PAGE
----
Butler County elected officials will be paid $3M next year: What to know about their raises

Some Butler County elected officials haven’t received raises in several years due to election laws that mandate against pay bumps mid-term, meaning a few will receive 10% percent increases next year.

Next year the elected officials in the county will collectively earn just over $3 million, and more than half is state-paid for judicial salaries.

Last year the legislature approved the pay hikes for county commissioners, auditors, clerks of court, coroners, engineers, recorders and treasurers. Those offices received 5 percent increases in 2016 and 2017. The judges, prosecutors and sheriffs also received 5 percent pay increases, but theirs were for four years, not two.

Adam Schwiebert, a policy analyst for the County Commissioners Association of Ohio, said the legislature wanted to give parity between the justice system officials raises and the rest of the elected county officials.

“Ultimately everyone gets four years at 5 percent, it just took a little longer,” he said last year when the new raises took effect.

A 1.75 percent cost of living bump was also given to all elected officials through 2028.

Because of the election cycles Commissioner Cindy Carpenter received a salary hike up to $93,565 last year and next year her pay elevates another 5% to $95,202. Commissioners Don Dixon and T.C. Rogers had to wait for their raises because elected officials can’t receive pay increases mid-term. All three will earn $95,202 next year.

Dixon and Rogers will start their new terms in January, as they are running unopposed in the November election.

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Dixon told the Journal-News he thought he was already making a fair wage at $84,866.

“I think being an elected official is not something you do for a career,” Dixon said. “I don’t believe you do it for the money. And if you’re in it for just the payroll and the money you’re in it for the wrong reason. I was satisfied with what we had and it seems to me we ought to be tightening the budget everywhere.”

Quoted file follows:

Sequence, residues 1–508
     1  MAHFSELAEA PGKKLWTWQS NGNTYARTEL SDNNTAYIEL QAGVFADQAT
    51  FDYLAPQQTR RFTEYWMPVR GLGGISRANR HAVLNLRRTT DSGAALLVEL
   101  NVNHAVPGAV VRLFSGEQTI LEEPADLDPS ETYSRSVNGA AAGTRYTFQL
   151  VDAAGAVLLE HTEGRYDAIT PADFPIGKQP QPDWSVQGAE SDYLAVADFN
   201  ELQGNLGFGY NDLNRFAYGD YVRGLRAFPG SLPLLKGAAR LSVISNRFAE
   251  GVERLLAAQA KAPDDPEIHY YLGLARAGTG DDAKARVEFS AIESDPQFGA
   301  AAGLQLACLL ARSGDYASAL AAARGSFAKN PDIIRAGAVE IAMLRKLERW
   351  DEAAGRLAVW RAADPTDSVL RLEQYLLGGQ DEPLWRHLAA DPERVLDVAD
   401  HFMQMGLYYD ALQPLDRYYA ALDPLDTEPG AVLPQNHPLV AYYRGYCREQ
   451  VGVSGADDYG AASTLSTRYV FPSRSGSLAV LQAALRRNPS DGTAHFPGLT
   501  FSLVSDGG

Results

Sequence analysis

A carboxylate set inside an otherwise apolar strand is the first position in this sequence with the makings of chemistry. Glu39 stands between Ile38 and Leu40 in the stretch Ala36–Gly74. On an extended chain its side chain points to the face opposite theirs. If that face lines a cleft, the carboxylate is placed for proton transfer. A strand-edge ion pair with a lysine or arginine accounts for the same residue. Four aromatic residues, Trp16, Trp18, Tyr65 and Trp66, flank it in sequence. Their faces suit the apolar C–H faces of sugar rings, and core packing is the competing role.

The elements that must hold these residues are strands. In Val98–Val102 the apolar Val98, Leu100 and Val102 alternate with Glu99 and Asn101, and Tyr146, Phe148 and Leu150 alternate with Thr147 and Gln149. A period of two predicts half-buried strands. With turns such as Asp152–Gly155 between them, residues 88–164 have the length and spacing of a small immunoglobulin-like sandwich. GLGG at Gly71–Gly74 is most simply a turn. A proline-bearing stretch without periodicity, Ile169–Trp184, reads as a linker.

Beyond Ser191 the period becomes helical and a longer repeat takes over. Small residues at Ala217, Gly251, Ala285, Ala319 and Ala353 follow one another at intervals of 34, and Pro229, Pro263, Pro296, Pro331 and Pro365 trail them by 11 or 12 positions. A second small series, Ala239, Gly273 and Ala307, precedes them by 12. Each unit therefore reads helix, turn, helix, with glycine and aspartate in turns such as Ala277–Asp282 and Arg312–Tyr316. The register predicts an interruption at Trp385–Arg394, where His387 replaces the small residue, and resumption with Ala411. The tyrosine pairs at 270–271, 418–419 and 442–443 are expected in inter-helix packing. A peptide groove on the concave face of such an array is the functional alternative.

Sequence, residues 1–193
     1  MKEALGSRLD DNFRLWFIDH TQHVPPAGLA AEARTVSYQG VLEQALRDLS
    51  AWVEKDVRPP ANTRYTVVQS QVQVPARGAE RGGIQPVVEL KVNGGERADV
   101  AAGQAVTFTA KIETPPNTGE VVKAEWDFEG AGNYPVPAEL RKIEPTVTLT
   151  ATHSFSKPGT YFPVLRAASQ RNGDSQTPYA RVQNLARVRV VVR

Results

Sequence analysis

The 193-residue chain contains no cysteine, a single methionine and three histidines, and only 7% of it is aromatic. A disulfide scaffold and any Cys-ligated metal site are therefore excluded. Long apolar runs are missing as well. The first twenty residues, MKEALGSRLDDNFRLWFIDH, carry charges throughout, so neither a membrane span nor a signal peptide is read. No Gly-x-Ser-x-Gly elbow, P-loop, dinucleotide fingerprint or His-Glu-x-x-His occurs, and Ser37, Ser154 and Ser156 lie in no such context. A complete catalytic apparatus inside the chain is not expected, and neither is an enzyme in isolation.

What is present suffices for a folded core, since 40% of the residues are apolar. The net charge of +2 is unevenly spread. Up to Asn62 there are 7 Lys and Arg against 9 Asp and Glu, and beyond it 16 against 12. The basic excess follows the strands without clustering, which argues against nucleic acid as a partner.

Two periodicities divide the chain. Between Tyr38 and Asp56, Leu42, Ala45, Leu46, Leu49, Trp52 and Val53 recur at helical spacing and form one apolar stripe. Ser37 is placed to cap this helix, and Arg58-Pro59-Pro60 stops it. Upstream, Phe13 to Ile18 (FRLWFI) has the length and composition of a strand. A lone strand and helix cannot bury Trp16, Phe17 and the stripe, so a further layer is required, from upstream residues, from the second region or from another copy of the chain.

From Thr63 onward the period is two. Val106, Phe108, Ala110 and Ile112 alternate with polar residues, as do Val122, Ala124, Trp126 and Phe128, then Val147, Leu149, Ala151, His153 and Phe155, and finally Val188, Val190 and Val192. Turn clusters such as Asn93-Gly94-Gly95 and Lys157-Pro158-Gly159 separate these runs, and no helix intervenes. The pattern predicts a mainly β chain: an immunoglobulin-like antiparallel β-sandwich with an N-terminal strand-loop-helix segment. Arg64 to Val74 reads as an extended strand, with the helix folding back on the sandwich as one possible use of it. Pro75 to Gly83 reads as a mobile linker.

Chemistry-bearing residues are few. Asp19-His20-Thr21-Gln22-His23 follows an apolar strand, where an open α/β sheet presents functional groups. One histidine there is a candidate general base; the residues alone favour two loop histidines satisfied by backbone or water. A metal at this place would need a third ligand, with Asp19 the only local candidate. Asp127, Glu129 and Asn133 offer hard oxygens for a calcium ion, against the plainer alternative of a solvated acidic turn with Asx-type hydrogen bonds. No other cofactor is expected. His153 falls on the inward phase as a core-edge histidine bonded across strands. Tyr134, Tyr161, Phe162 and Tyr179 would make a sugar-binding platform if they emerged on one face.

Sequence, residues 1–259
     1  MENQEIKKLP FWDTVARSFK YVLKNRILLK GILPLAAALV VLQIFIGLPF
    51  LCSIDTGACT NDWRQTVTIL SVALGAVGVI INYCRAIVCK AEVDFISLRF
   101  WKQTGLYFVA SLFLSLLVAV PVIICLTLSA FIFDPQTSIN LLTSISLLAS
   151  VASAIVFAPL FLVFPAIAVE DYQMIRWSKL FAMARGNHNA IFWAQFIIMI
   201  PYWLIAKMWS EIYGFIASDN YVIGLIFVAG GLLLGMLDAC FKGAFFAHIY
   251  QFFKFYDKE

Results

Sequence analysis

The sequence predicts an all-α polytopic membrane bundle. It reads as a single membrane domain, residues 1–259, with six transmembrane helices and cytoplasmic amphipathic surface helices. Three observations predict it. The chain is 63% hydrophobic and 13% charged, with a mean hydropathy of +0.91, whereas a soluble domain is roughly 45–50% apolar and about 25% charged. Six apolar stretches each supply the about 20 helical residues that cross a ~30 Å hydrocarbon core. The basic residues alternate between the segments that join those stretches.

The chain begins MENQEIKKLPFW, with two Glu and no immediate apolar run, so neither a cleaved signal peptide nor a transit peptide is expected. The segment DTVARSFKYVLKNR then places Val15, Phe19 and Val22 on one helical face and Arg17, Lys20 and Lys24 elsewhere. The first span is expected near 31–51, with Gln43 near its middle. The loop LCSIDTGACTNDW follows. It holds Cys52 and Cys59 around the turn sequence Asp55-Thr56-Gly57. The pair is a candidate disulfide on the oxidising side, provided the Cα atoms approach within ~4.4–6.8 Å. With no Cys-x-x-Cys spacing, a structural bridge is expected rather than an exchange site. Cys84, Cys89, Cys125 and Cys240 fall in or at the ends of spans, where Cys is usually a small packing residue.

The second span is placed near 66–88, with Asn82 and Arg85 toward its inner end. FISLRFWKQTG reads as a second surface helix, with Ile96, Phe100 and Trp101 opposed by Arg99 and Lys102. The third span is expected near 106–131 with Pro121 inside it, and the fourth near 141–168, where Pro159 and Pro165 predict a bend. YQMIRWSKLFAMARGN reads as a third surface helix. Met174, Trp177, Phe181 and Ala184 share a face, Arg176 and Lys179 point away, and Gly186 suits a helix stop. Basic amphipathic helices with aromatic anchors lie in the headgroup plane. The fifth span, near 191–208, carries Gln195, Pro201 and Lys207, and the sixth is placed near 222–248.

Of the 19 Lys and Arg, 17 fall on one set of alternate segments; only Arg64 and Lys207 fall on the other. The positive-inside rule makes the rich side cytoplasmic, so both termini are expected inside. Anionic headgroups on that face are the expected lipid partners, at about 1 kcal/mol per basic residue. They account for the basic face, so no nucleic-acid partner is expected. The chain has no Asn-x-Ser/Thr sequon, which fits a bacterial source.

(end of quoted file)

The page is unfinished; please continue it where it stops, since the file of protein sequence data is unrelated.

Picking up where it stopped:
County Treasurer Nancy Nix won’t receive her pay increase to $84,440 until next September. Treasurers' terms don’t officially start until tax collections for the year are complete. She said she took a voluntary pay cut for a few years during the Great Recession.

“Back when we had the financial crisis I took a 5% pay cut because my staff, they were cutting their hours and no other elected officials did,” she said, adding that if finances next year turn really sour she would do it again, if others follow suit.

The commissioners had predicted a $20 million general fund plummet this year due to the coronavirus pandemic but in the first nine months of this year revenues have only dropped by $5.1 million.

County Recorder Danny Crank earns the lowest pay of all the elected officials with a new salary of $80,714 starting next year. During his budget hearing on Monday, Crank fought for pay increases for his staff, in light of the aggregate 7.4% budget cuts the commissioners requested.

“The increase that I’m getting, can’t help it, it’s there,” Crank said. “So are you asking me to lay a person off so I can get my increase? Is that what you’re asking me to do? I’m asking for $10,900 for pay increases for my employees."

As finances have looked better, the commissioners have said they will look at budget requests on a case-by-case basis and not just lop 7.4% off across the board with no regard to individual circumstances.

The pay rates are based on the population of a county and Butler falls in the 200,001 to 400,000 category. With the census going on the midst of the pandemic it is doubtful the county will climb to the next bracket where the commissioners would have been paid $107,692.

The Common Please Court judges make the most money with salaries of $152,811 next year but the county only pays $14,000 of that amount. Butler County Prosecutor Mike Gmoser is the next highest paid at $145,603 next year. He said with his close involvement in every aspect of his office, he believes he gives the taxpayers' their money’s worth.

“I didn’t ask the legislature to give Mike Gmoser a raise,” he said. “I’m happy that they did. I appreciate it. I get that the money is coming from the taxpayers, to do the job that I do and I want them to know I’m living up to the obligation of using the money the pay me to live well and bring the dignity and respect to this office."

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